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China will beat U.S. in mobile gaming revenue for first time

The Chinese market is set to see $5.5 billion in 2015, compared to $4.5 billion in the U.S.

Financial trends and news by Steven Loeb
September 1, 2015
Short URL: http://vator.tv/n/3fdf

China may be having some big problems with its stock market lately, issues that have caused some trouble in the United States as well, but that has not stopped seemingly every tech company from wanting in. That includes FacebookTwitterLinkedInNetflixThe Honest CompanyDropbox, and especially Uber.

There are more Chinese Internet users than double the entire population of the United States, and there is so much money to be made, that nothing is going to stop it.

One of the biggest opportunities in that country might be in mobile gaming, where China is about to overtake the United States for the first time ever, according to the 2015 Chinese Mobile Gaming Report out from Asian Games Market Intelligence company Niko on Tuesday.

The report found that domestic revenue from mobile games in China will reach $5.5 billion, up from $3.3 billion in 2014, for an increase of 66% year-to-year. There will be 420 million Chinese mobile gamers by the end of 2015.

That means that 2015 will be the first year that the Chinese mobile games market revenue will have surpassed that of the U.S. market, where revenue to reach $4.5 billion in 2015.

The size of the Chinese market is only expected to grow, more than doubling to $11.1 billion by 2019.

One company has a monopoly on the market right now: Chinese Internet giant Tencent, which is probably best known over here as the company behind popular mobile messaging service WeChat. It has over 50% of the market right now, and Niko says that share is only growing.

While high mobile gaming usage is obviously a good thing for companies wanting to expand there, they may have trouble breaking in if they are not specific to the culture

We believe that games become popular because they fill a void for gamers. It is important to evaluate what voids there are in Chinese culture, and then match game development to those as well as to the gamer behavior and characteristics of a good mobile game in a popular genre,” Lisa Cosmas Hanson, Managing Partner and founder of Niko Partner, said in a statement.

With that mobile game developers may find their way to the next big Chinese hit game, because hoping to make it big with an international title lobbed to a Chinese publisher for localization is not an effective path to success."

That is not something that has been lost on mobile gaming company Kabam, which partnered with Alibaba last year, allowing the company to publish Kabam's mobile games in China across its mobile applications, including Mobile Taobao and Laiwang. It also partnered with Chinese Web and mobile games developer and publisher Longtu Games earlier this year to distribute Kabam’s hit game Marvel Contest of Champions in China later this year.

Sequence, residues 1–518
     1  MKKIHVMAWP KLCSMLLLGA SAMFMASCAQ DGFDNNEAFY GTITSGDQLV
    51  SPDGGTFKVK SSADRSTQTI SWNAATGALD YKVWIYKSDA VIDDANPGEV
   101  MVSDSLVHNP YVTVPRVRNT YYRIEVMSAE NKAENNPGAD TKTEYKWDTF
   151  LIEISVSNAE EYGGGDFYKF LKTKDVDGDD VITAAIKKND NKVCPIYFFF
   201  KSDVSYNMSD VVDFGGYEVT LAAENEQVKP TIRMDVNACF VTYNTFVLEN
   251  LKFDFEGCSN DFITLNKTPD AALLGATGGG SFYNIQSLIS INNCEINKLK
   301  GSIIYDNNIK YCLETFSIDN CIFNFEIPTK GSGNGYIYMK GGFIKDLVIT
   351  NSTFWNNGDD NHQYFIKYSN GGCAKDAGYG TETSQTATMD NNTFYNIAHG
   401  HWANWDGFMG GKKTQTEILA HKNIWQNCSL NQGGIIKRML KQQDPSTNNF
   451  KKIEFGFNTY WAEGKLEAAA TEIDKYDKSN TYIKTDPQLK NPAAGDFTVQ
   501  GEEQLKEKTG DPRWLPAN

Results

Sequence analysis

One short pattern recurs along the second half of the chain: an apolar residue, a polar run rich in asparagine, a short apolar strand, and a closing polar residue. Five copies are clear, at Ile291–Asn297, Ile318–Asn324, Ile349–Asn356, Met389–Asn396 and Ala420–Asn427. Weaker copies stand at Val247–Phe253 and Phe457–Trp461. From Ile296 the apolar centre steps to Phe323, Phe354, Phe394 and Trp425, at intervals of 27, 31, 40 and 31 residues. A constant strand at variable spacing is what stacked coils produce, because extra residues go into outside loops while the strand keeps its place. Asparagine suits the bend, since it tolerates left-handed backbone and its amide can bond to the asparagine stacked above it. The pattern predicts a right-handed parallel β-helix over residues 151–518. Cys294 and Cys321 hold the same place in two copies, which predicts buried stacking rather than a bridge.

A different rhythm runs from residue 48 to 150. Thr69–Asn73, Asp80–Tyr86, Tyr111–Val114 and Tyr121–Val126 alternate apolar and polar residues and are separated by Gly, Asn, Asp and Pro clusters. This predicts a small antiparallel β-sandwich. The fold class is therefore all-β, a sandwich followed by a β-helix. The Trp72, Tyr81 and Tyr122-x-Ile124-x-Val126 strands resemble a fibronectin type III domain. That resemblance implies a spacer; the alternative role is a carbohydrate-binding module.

"We look at China as the largest games market in the world. There will be 700 million smartphones in China by 2017 and there are three variables that we look at: reach, engagement and monetization," Steve Swasey, Senior VP of Global Communications at Kabam, told me in an interview. 

"When it comes to reach, games are the second most popular thing people do, second only to e-mail and text. With Engagement, people spend far more time on games than any other acitivty. And games monetize better than any other apps."

It s a huge market, with a profliration of devices, who already love games. Those three factors make China a "perfect storm," he said.

Chinese gamers especially love Hollywood titles and characters, such as Marvel, Disney and Star Wars.

Despite China being a market that is ready to be conquered, though, Swasey also acknowledged the same thing that Niko did: that game developers cannot just plop a game down and expect it so succeed without doing the work to make it palatable to a new audience.

"If you are a western developer who is building for China, then you will do well. You can't export to the Chinese market because there all kinds of different variables including game mechanics that don't translate. You have to understand the Chinese market," he said.

So, when Kabam partnered with Longtu, to publish its Marvel game, they saw the need to, rather than doing it themselves, have a Chinese company publish and market the game for them in order to better let it succeed. They also changed the game, everything except the title and the IP, in order to suit the Chinese audience.

"As the world opens up internationally, there is enormous opportunity for games developers, but not without a smart approach," Swasey said. "The market is littered with the bones of companies that didn't take right approach. For us, the right approach is to partner with firms, who know the community, and who know the nuances and the marketing of China. We get to use our connection to Hollywood studios, so it's a perfect match."

(Image source: chinatopix.com)


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